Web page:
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# Angle between two orientations

There are two orientations given, as intrinsic yaw-roll-pitch (rzyx).

How to calculate the angle between the "Z" axes of them?

Converting the orientations to quaternions or to anything else is allowed.

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( 2018-08-29 12:14:50 -0600 )edit

Looks like it's the finding of the full rotation between orientations. What I need, it the single angle between the Z axes of orientations.

( 2018-08-29 12:34:59 -0600 )edit

I'd look into the axis angle representation. Alternatively, what you're describing could be interpreted as angular _distance_ which you can formulate the same way you might an L2 distance.

( 2018-08-29 13:16:57 -0600 )edit

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I'd suggest converting both of the orientations into transformation objects, then create a point object 1m along the Z axis. Then use the two transformations to transform the point from the frame of one transform into the other. This will give you two unit vectors one if which is (0 0 1)^ the other which is something else, you can then use the dot product to find the angle between the two.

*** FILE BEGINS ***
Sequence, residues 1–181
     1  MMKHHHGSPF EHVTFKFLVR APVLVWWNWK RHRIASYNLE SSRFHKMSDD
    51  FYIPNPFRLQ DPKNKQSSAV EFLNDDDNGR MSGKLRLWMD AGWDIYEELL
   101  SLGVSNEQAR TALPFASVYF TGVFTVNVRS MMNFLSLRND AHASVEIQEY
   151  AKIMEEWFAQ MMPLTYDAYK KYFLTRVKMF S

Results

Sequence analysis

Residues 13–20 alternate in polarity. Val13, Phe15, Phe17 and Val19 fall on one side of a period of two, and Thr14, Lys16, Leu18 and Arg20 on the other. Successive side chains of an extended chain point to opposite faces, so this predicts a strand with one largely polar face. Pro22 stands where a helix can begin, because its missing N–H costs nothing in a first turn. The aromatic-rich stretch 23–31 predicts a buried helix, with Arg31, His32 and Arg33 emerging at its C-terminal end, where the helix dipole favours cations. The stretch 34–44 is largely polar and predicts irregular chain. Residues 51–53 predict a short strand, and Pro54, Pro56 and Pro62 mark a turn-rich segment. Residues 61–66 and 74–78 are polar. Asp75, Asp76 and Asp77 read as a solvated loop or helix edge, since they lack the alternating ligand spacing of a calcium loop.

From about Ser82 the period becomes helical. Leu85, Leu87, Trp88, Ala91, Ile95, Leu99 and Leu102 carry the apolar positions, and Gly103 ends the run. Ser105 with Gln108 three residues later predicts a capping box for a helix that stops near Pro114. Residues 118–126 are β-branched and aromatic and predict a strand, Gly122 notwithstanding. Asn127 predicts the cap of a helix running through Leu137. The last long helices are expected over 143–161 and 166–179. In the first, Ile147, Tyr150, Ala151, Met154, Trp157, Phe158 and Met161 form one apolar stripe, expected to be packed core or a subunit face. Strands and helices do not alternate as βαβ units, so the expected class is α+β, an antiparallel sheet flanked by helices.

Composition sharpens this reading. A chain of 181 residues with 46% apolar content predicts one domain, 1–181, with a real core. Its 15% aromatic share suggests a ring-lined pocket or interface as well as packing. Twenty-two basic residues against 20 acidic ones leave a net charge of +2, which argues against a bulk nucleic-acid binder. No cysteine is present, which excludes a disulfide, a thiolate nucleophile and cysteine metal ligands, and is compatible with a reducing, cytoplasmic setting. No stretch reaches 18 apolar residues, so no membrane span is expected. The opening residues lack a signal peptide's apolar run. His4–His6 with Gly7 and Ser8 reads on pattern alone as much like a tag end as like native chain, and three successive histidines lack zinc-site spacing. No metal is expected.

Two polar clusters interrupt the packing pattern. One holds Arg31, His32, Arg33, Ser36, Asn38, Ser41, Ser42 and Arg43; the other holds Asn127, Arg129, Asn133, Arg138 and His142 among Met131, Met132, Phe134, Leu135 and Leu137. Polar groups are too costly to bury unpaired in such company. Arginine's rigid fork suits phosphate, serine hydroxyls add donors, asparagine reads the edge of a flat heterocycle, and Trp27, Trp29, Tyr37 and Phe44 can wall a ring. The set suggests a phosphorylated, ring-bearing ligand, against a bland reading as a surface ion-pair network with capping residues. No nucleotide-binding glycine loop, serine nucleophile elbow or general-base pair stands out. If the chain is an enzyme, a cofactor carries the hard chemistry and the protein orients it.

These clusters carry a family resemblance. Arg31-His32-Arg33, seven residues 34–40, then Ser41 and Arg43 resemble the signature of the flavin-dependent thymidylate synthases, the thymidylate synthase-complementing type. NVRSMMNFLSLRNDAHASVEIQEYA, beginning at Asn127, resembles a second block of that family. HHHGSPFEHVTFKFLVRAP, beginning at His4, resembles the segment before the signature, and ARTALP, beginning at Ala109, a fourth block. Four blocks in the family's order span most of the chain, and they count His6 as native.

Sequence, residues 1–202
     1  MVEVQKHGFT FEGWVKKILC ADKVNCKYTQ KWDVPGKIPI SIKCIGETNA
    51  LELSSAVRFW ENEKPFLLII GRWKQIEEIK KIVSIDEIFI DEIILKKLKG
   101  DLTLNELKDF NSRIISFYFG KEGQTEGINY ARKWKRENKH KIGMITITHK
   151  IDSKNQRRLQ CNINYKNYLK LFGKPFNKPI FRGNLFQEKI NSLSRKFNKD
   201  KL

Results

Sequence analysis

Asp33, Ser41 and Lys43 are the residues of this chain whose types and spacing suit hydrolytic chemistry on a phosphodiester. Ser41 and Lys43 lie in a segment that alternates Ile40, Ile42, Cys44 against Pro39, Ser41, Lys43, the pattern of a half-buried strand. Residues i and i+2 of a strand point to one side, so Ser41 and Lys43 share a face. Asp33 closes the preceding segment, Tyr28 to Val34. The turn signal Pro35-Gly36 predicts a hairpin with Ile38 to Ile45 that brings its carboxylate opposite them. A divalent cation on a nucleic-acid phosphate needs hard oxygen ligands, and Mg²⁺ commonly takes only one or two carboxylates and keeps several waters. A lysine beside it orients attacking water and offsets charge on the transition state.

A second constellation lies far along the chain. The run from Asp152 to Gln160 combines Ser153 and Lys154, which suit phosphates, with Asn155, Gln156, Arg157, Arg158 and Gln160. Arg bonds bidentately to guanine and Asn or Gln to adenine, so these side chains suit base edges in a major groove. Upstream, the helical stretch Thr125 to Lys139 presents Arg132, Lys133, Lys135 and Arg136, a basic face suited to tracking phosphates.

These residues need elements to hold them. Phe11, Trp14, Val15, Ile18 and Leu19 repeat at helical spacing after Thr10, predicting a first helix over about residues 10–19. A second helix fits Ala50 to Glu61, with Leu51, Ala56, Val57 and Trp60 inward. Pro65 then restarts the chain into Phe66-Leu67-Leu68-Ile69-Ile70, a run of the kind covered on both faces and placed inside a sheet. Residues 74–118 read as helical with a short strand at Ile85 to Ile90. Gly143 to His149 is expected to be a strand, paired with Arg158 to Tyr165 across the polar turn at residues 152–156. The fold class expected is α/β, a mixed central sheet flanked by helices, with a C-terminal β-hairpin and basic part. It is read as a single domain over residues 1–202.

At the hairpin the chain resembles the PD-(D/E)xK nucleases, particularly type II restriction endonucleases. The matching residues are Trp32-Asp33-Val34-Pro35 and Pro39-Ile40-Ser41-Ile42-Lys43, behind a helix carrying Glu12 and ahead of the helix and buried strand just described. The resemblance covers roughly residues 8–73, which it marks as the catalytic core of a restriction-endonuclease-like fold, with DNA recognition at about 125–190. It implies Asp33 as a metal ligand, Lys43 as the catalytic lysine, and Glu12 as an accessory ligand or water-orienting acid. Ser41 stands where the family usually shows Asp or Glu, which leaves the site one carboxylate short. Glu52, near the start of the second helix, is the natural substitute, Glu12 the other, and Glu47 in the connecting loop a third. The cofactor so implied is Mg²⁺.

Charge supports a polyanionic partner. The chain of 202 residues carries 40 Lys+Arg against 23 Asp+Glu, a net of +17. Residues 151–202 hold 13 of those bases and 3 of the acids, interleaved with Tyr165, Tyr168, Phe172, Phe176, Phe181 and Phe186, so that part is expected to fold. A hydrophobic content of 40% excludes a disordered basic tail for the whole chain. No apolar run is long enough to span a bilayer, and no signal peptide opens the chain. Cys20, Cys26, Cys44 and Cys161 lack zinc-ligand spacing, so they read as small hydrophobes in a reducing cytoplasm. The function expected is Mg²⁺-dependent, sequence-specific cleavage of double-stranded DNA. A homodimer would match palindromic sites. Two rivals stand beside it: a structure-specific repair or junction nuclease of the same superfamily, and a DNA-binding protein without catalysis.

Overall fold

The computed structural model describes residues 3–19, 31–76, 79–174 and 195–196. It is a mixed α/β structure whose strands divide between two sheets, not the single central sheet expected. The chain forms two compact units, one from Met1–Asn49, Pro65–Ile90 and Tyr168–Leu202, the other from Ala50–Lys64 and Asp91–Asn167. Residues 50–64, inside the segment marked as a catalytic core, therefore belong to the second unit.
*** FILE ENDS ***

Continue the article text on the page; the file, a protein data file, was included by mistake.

In a little bit more detail you'd create the two transform objects like this.

tf2::Quaternion q1;
q1.setRPY(roll, pitch, yaw); // node the order
tf2::Transform t1(q1);

Do the same with q2 and t2 for the other orientation then create the Z axis unit point.

tf2::Vector3 zPoint(0,0,1);

Transform it from one frame to the other.

tf2::Vector3 otherZPoint = t1.inverseTimes(t2) * zPoint;

Now you can calculate the angle between the two unit vectors zPoint and otherZPoint as so.

float angle = acos(zPoint.dot(otherZPoint) );

It's a bit long winded but I hope this solves the problem you're asking about!

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Yes, I think this is a working variant!

Isn't there an easier solution, without converting to transforms? I was given this formula: math.atan(math.hypot(math.tan(pitch), math.tan(roll))), it almost works, but doesn't give values more than 90 degrees (when Z axes are "upside down" to each other).

( 2018-08-30 13:32:52 -0600 )edit

I'm sure it could be simplified, the question is do you need to? Is performance critical for this calculation? If not and you've got a working solution then I'd say the job's done.

( 2018-08-30 15:35:53 -0600 )edit